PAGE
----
Additional Information
Please access these Web sites via the online version of this summary at http://dx.doi.org/10.1371/journal.pmed.1001062.
The World Health Organization provides information on all aspects of tuberculosis, including information on tuberculosis diagnostics on the Stop TB Partnership (some information is in several languages); the Strategic and Technical Advisory Group for Tuberculosis recommendations on tuberculosis diagnosis are available
The Web site Evidence-Based Tuberculosis Diagnosis (from Stop TB Partnership's New Diagnostics Working Group) provides access to several resources on TB diagnostics, including systematic reviews, guidelines, and training materials
The US Centers for Disease Control and Prevention has information about tuberculosis, including information on the diagnosis of tuberculosis disease
The US National Institute of Allergy and Infectious Diseases also has detailed information on all aspects of tuberculosis
MedlinePlus has links to further information about tuberculosis (in English and Spanish)
doi:10.1371/journal.pmed.1001062
PMCID: PMC3153457  PMID: 21857806
23.  Tuberculosis of the Breast: An Initial Presentation of the Metabolic Syndrome with Type 2 Diabetes Mellitus in a Young Nigerian Woman 
Breast tuberculosis is an uncommon presentation of extra pulmonary tuberculosis. A 40-year-old obese woman presented with a right breast abscess which had failed to heal after surgical drainage. There was no family history of breast disease. Biopsy and histology of the lesion showed chronic granulomatous inflammation with positive stains for acid fast bacilli compatible with tuberculosis. Further evaluation confirmed metabolic syndrome with type 2 diabetes mellitus. She was placed on antituberculosis chemotherapy and appropriate therapy for diabetes mellitus with complete resolution of the lesion. We report this case because of its rarity and to highlight the association between tuberculosis an infectious disease and overnutrition in diabetes mellitus, a noncommunicable disease.
doi:10.1155/2016/5485862
PMCID: PMC4806276  PMID: 27034859
24.  International Monetary Fund Programs and Tuberculosis Outcomes in Post-Communist Countries 
PLoS Medicine  2008;5(7):e143.
Background
Previous studies have indicated that International Monetary Fund (IMF) economic programs have influenced health-care infrastructure in recipient countries. The post-communist Eastern European and former Soviet Union countries experienced relatively similar political and economic changes over the past two decades, and participated in IMF programs of varying size and duration. We empirically examine how IMF programs related to changes in tuberculosis incidence, prevalence, and mortality rates among these countries.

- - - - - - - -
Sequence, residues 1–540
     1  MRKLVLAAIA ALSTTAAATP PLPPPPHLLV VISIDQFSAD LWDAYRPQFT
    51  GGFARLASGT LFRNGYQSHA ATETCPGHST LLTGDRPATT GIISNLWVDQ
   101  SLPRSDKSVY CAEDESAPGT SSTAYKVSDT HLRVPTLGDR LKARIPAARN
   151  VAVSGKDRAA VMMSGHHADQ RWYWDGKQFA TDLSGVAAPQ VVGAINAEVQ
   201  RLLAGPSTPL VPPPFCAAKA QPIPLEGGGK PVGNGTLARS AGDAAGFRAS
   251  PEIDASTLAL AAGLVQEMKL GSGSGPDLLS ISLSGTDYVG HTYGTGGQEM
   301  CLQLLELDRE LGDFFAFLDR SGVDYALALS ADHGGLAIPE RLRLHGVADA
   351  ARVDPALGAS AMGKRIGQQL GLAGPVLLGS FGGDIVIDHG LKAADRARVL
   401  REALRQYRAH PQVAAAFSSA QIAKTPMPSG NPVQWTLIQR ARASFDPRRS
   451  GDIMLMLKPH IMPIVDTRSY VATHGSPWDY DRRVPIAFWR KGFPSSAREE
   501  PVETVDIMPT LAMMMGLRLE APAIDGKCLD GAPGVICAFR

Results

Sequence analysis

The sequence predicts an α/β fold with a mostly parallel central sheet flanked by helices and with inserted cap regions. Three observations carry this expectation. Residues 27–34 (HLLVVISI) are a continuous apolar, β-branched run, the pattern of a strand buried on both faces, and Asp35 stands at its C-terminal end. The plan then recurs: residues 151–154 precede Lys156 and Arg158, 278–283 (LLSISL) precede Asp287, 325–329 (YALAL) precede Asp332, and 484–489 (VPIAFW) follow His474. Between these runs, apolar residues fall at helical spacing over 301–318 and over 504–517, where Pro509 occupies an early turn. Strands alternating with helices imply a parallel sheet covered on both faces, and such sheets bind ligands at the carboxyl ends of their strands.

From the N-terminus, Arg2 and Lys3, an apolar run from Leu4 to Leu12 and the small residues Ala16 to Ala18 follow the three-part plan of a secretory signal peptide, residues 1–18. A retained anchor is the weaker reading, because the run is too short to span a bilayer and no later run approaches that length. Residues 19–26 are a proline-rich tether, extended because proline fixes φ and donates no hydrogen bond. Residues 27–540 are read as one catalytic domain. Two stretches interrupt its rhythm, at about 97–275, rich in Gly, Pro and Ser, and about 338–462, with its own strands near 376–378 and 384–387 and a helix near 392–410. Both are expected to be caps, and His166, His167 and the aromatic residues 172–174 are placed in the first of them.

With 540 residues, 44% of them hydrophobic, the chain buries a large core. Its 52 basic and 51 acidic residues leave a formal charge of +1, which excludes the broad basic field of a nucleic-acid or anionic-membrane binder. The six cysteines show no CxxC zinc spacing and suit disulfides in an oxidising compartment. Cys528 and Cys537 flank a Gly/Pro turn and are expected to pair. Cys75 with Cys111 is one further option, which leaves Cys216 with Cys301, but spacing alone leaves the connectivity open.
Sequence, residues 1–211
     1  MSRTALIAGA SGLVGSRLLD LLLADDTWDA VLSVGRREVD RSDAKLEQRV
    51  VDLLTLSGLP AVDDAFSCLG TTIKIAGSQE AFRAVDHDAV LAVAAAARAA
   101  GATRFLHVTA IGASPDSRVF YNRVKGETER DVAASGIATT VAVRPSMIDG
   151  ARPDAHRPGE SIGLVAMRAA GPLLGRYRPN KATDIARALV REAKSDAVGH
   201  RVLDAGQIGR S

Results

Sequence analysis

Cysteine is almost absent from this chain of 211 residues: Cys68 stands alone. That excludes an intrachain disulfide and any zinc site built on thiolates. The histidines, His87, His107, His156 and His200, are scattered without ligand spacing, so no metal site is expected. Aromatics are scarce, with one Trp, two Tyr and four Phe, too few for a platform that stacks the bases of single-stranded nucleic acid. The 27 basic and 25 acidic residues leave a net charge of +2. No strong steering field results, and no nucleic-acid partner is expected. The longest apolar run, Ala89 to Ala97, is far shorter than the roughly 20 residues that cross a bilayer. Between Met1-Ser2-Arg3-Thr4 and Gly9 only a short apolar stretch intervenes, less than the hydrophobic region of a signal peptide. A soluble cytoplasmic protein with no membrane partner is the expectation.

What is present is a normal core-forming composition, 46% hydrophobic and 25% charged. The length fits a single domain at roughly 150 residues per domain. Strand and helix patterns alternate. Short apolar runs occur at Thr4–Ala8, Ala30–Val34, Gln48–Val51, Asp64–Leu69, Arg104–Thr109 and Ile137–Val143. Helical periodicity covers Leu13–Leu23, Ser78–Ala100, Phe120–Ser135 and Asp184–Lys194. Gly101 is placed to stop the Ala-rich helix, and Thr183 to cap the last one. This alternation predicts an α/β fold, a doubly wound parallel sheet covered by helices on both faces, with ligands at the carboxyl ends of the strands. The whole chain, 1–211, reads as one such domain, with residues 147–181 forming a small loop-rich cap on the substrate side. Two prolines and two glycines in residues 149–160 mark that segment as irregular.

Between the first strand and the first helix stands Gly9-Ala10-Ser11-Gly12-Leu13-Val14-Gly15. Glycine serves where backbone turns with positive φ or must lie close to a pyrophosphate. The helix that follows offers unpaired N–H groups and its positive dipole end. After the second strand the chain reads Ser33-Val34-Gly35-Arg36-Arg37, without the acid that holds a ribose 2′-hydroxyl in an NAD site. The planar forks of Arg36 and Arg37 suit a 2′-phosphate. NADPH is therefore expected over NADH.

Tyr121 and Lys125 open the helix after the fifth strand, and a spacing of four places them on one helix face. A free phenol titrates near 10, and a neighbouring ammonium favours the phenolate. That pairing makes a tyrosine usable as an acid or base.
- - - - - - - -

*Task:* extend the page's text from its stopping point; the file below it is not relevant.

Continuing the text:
Methods and Findings
We performed multivariate regression of two decades of tuberculosis incidence, prevalence, and mortality data against variables potentially influencing tuberculosis program outcomes in 21 post-communist countries for which comparative data are available. After correcting for confounding variables, as well as potential detection, selection, and ecological biases, we observed that participating in an IMF program was associated with increased tuberculosis incidence, prevalence, and mortality rates by 13.9%, 13.2%, and 16.6%, respectively. Each additional year of participation in an IMF program was associated with increased tuberculosis mortality rates by 4.1%, and each 1% increase in IMF lending was associated with increased tuberculosis mortality rates by 0.9%. On the other hand, we estimated a decrease in tuberculosis mortality rates of 30.7% (95% confidence interval, 18.3% to 49.5%) associated with exiting the IMF programs. IMF lending did not appear to be a response to worsened health outcomes; rather, it appeared to be a precipitant of such outcomes (Granger- and Sims-causality tests), even after controlling for potential political, socioeconomic, demographic, and health-related confounders. In contrast, non-IMF lending programs were connected with decreased tuberculosis mortality rates (−7.6%, 95% confidence interval, −1.0% to −14.1%). The associations observed between tuberculosis mortality and IMF programs were similar to those observed when evaluating the impact of IMF programs on tuberculosis incidence and prevalence. While IMF programs were connected with large reductions in generalized government expenditures, tuberculosis program coverage, and the number of physicians per capita, non-IMF lending programs were not significantly associated with these variables.
Conclusions
IMF economic reform programs are associated with significantly worsened tuberculosis incidence, prevalence, and mortality rates in post-communist Eastern European and former Soviet countries, independent of other political, socioeconomic, demographic, and health changes in these countries. Future research should attempt to examine how IMF programs may have related to other non-tuberculosis–related health outcomes.
David Stuckler and colleagues show that, in Eastern European and former Soviet Union countries, participation in International Monetary Fund economic programs have been associated with higher mortality rates from tuberculosis.
Editors' Summary
Background.